Duty to Mitigate

The defendants also argued that the plaintiff failed to mitigate his damages. Their argument was focused on the fact that Mr. Pruett decided not to take prescription anti-depressant medication. Dr. Okorie gave evidence that 80% of people who suffer from depression and take prescribed medication recover. Mr. Pruett gave evidence that his reluctance to take prescription medications was derived from his childhood experiences – he had a father who had substance use issues with prescription medication. Justice Majawa provided the following in his judgment:

[132] In Mr. Pruett’s particular circumstances, I do not find that the defendants have shown that Mr. Pruett acted unreasonably by not taking anti-depressant medications for longer. The decision to take such medications is a highly personal decision that involves many factors including the likelihood and tolerance of side effects: Sharma v. Day, 2020 BCSC 1365 at para. 183. In my view, it is also a reasonable factor for Mr. Pruett to consider his father’s substance use problem in his decision to stop taking them. Moreover, there is no evidence from the prescribing physician that Mr. Pruett was recommended to continue taking anti-depressants.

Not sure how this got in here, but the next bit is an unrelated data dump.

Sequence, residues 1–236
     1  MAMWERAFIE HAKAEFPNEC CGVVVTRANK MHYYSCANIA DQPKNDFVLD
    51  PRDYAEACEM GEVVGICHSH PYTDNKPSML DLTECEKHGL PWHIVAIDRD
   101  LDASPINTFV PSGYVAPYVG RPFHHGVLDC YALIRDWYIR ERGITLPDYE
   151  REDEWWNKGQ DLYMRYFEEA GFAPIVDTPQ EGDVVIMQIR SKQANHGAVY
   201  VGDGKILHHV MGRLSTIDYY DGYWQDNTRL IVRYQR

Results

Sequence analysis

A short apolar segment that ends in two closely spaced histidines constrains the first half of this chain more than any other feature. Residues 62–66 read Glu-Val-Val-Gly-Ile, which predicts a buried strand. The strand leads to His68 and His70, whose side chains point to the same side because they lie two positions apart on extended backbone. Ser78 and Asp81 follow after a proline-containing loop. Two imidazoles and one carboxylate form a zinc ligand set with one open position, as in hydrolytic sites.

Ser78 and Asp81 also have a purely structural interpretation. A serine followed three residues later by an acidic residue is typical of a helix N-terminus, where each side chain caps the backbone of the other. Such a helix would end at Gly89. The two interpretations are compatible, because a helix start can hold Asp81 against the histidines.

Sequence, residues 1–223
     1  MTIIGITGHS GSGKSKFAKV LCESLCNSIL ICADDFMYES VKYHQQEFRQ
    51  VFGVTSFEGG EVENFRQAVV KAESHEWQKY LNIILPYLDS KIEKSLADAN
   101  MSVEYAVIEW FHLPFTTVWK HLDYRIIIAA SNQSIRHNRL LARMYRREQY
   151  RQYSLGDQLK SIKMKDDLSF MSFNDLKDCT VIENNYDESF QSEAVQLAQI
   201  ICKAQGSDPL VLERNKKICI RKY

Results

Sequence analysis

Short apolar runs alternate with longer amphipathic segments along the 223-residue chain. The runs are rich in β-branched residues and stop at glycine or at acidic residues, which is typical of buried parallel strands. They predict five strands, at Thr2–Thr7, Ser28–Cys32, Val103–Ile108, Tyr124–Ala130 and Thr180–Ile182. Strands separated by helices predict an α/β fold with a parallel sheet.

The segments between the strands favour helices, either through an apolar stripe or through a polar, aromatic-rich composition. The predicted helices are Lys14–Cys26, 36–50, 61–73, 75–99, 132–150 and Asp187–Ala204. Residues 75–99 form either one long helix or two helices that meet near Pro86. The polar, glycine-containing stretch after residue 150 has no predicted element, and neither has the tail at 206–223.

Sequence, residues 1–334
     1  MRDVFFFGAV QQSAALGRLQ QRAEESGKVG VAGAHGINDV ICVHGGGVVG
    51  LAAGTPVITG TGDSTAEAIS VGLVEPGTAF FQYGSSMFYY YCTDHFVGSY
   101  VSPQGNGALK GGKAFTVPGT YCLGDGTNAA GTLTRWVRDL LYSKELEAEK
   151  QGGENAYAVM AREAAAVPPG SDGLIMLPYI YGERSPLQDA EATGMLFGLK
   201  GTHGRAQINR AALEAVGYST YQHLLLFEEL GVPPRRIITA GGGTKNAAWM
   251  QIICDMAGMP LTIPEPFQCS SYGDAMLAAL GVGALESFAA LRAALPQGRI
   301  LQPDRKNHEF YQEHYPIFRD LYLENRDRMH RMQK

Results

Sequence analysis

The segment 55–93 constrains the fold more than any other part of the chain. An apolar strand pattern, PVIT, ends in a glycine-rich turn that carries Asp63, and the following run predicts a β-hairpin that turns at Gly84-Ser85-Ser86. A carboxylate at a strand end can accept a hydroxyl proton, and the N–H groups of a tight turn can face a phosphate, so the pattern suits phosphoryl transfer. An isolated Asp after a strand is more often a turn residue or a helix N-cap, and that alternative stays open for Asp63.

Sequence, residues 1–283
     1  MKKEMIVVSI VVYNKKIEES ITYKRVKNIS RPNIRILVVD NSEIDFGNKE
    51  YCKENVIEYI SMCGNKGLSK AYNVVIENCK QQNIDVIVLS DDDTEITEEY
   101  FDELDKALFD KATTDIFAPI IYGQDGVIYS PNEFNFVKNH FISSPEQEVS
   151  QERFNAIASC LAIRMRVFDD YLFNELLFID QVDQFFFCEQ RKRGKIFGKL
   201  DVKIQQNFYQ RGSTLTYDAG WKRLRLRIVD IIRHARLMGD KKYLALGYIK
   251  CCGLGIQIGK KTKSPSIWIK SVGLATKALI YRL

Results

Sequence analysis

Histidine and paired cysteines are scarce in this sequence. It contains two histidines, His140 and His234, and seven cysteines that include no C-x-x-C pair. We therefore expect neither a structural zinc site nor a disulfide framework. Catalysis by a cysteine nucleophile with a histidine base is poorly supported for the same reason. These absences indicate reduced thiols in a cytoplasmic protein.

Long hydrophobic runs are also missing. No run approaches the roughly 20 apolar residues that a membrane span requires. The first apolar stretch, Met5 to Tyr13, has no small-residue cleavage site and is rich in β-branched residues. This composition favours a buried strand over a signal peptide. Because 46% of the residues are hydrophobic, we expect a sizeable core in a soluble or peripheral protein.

[133] Furthermore, the evidence is not clear as to what extent anti-depressants would have reduced Mr. Pruett’s damages. While Dr. Okorie stated that 80% of people who take anti-depressants recover, he acknowledged that there is a significant interplay between the pain Mr. Pruett experiences and the extent of his depression. In light of Mr. Pruett’s chronic pain and its poor prognosis, the defendants have not proven that taking anti-depressant medications would have reduced Mr. Pruett’s damages to an extent that warrants a reduction based on his failure to mitigate.

Future Earning Capacity